Daylight saving time is ice time. We have created three ice cream recipes for you with something that is guaranteed to bring you through the hot summer days fresh!

 

1. Green tea basil cucumber

Ice tea ice cream recipe

You need:

Admittedly, cucumber may not be the best thing to think about when you thirst for a cool refreshment. Our aha moment was all the greater when we experimented with this recipe. For this ice tea we took a Japanese green tea, more precisely our Hon Gyokuro Kusanagi. A high-quality Sencha like our Kabuse Sencha is also ideal!

Let the tea be put in a litre of water in the fridge for 4 hours. This gives you a fresh cold infusion that tastes intense without tastebitter. The cucumber is now cut into fine slices and add. The deep, full-bodied character of the green teas is perfectly complemented by the sparkling light taste of the cucumber. Basil is horny one way or another, so off into the iced eat.

Add a few splashes of fresh lime juice to the brunch. If you like it a little sweeter, you can sweeten the tea a little with raw sugar or agave syrup. It’s a little different ice eater!

By the way: If you want to know more about Japanese green teas, we have a great article for you here!

2. Oolong Lime Elder

ice tea iistee friends of tea
Ice eae lime elderberry

We don’t want to try to put into words how incredibly delicious this ice eater is. So it’s best to convince yourself directly!

Everything you need:

You make a cold infusion out of the tea, in which you let the tea leaves in a litre of water for four to five hours, but even better overnight, in the fridge. When the tea is ready, squeeze out one or two limes (depending on how sour you like it) and add them to the tea. With 150 millilitres of elderflower syrup, it gives the ice tea the final stage of perfection. Finally, a small shrub mint in it, because it looks beautiful and because mint is the hammer!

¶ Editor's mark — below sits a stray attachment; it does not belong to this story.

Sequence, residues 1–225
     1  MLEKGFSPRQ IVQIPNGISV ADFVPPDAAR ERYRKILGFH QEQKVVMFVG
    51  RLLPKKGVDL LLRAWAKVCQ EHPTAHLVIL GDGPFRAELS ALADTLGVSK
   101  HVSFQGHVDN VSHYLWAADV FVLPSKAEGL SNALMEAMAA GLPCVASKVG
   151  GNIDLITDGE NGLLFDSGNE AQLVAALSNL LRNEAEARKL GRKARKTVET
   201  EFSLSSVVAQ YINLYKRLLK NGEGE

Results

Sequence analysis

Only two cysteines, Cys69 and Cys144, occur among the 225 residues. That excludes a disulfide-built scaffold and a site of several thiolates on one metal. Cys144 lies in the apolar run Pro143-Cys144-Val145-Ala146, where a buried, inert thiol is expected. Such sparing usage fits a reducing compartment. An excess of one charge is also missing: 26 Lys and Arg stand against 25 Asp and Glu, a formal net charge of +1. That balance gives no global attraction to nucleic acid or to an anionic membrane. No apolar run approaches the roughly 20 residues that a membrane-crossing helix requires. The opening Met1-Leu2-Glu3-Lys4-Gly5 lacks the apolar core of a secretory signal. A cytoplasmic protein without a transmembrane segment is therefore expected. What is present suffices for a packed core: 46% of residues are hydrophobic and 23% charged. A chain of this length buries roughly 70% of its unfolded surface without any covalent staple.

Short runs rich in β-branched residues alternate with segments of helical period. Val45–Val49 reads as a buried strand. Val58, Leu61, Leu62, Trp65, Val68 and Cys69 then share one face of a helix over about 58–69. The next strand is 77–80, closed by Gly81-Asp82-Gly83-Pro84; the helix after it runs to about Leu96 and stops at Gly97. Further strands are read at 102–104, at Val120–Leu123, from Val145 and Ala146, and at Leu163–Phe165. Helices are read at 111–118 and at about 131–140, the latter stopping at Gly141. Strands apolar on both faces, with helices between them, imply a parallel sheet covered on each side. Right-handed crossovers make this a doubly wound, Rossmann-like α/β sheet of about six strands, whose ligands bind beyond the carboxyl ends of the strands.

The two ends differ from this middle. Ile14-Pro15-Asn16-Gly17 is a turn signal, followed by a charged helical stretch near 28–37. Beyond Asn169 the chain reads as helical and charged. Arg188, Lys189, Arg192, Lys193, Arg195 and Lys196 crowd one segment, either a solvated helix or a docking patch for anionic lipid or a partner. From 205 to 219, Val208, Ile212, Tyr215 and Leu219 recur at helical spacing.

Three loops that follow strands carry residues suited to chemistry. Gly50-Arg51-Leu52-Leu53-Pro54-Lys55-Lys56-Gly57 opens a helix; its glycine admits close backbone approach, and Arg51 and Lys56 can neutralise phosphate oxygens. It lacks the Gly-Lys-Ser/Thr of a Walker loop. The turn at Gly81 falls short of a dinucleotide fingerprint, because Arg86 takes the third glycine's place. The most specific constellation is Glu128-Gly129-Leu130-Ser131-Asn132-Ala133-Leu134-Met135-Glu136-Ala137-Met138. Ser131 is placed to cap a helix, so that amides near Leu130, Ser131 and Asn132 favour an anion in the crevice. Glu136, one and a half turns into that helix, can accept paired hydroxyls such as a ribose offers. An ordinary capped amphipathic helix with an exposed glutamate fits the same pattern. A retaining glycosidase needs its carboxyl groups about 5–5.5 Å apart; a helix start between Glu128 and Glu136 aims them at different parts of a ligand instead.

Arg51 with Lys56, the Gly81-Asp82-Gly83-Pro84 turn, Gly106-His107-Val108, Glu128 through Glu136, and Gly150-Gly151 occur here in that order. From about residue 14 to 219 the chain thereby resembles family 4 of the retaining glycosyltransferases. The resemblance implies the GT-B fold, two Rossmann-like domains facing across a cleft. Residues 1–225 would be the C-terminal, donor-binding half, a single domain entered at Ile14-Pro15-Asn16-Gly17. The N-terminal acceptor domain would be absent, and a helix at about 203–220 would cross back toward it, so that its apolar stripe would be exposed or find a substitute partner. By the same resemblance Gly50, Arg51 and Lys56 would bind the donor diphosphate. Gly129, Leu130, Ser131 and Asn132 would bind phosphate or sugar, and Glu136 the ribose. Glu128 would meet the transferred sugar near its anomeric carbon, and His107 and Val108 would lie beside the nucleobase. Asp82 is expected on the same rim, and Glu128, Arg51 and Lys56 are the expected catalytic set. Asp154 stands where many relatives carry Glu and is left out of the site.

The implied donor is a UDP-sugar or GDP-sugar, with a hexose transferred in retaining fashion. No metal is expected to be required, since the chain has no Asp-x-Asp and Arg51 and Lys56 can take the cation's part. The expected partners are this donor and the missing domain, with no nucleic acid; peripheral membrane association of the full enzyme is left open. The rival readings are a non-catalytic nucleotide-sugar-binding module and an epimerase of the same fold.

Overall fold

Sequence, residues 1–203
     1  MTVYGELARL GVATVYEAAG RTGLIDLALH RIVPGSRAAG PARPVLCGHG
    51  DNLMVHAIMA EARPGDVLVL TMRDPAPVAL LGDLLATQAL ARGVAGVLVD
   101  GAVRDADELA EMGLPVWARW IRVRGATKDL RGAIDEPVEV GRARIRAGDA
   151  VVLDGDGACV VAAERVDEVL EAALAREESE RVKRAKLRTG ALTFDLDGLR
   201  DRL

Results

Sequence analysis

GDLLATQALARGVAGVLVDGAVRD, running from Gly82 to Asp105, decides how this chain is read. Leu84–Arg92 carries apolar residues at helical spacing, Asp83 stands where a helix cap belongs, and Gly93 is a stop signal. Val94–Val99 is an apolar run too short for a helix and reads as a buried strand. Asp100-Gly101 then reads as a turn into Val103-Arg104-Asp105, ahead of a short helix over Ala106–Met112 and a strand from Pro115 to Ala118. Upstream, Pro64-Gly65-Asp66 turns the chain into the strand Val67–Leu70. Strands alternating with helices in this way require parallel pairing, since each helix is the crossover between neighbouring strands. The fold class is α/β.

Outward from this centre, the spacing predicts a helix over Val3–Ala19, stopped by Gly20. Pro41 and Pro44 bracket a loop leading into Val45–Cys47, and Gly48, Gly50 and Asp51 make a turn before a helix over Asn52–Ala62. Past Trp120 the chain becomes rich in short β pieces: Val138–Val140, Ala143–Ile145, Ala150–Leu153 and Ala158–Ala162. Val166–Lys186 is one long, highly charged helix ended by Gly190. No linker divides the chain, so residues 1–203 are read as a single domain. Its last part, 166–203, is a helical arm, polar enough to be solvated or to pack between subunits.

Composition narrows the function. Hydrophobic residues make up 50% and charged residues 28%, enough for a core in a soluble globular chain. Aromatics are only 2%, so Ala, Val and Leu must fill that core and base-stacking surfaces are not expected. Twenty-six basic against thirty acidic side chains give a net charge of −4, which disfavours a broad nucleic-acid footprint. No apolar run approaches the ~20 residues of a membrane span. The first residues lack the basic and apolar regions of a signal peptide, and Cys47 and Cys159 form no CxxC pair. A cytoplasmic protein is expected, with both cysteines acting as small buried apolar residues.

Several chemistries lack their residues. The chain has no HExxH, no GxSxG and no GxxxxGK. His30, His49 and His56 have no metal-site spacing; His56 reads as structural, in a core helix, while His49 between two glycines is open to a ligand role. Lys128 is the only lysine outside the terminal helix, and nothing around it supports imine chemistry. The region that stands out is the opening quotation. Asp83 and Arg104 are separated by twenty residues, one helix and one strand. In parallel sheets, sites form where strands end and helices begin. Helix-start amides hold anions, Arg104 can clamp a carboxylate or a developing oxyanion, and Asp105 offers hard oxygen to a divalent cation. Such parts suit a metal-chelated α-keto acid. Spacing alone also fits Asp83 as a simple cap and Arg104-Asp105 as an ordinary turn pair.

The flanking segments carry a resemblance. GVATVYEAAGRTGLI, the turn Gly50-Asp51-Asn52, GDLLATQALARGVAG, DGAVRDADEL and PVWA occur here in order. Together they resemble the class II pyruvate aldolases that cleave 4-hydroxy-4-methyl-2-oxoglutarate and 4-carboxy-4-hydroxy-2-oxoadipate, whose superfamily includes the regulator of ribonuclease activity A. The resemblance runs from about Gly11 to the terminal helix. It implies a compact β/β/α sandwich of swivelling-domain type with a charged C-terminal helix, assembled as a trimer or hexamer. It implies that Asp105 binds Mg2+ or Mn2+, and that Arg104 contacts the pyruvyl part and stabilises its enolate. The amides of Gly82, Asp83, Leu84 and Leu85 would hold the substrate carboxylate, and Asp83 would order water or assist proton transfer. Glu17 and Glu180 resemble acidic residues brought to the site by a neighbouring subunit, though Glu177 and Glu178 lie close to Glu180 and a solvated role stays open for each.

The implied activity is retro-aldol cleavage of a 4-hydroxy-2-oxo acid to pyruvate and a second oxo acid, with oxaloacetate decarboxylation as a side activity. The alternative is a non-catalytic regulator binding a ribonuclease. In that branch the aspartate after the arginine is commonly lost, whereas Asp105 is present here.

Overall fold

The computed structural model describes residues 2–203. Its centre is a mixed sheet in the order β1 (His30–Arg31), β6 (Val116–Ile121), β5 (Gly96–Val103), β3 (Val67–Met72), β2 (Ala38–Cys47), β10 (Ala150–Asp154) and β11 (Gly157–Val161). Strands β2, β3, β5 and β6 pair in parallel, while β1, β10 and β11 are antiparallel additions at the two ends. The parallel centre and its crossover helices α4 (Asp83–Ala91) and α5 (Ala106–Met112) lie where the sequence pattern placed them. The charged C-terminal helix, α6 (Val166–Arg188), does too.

If you like it even sweeter, raw sugar or agave syrup is recommended. Or more of the sweet elderflower syrup. Or both. #zuckerschock

3. Oolong Mango Mint

Ice tea recipes Friends of tea

The third ice tea in the waistband convinces me of a play of aromas of roasted and fruity flavours. Because even with delicious juices you can conjure up delicious iced tea!

Everything you need:

  • 10 g from our Dong Ding Oolong
  • Lots of mint!
  • Fresh mango juice (homemade for the ultimate DIY flair)
  • A splash of lemon juice
  • Optional: Some cane sugar or agave syrup

For this tea we have selected our Taiwanese Dong Ding Oolong. This was lightly roasted after production and thus has a delicate fruity and nutty character. Also with this ice tea we prepare the tea as a cold infusion. Put the tea leaves in your fridge with a litre of water for four to five hours, but preferably overnight.

Once the tea is ready, add some fresh mango juice. You then pack a lot of mint into the mixture of tea and mango juice. The more, the better. ­čśë Optionally some cane sugar or agave syrup for sweet, ready!

What is a cold infusion?

Tea is understood by many as a hot drink that can only be prepared hot. However, this does not necessarily have to be the case. Tea can also be poured cold. This cold infusion, or coldbrew, takes between four and eight hours to pull, depending on the tea. Bitter substances are only pulled out of the leaves in tea from a water temperature of 30-40 degrees. So the advantage of coldbrew is that you get an intense, full-bodied tea, which is hardly bitter. In addition, the tea is already cold, which makes it perfect for hot summer days or for further processing into iced tea!

In principle, you can pour any tea as coldbrew. As a rule of thumb, you should observe the following drawing times:

  • Japanese green teas: 4 hours
  • Black teas: 6-8 hours
  • Oolong Tees: 8 hours

 

Thirsty for ice eater?

In our online shop we have great teas from all over the world for you, who are just waiting to be processed by you into a delicious ice cream. Do you have any questions or suggestions for us? Let us know! We look forward to hearing from you.

 

This post is also available in: Deutsch (German)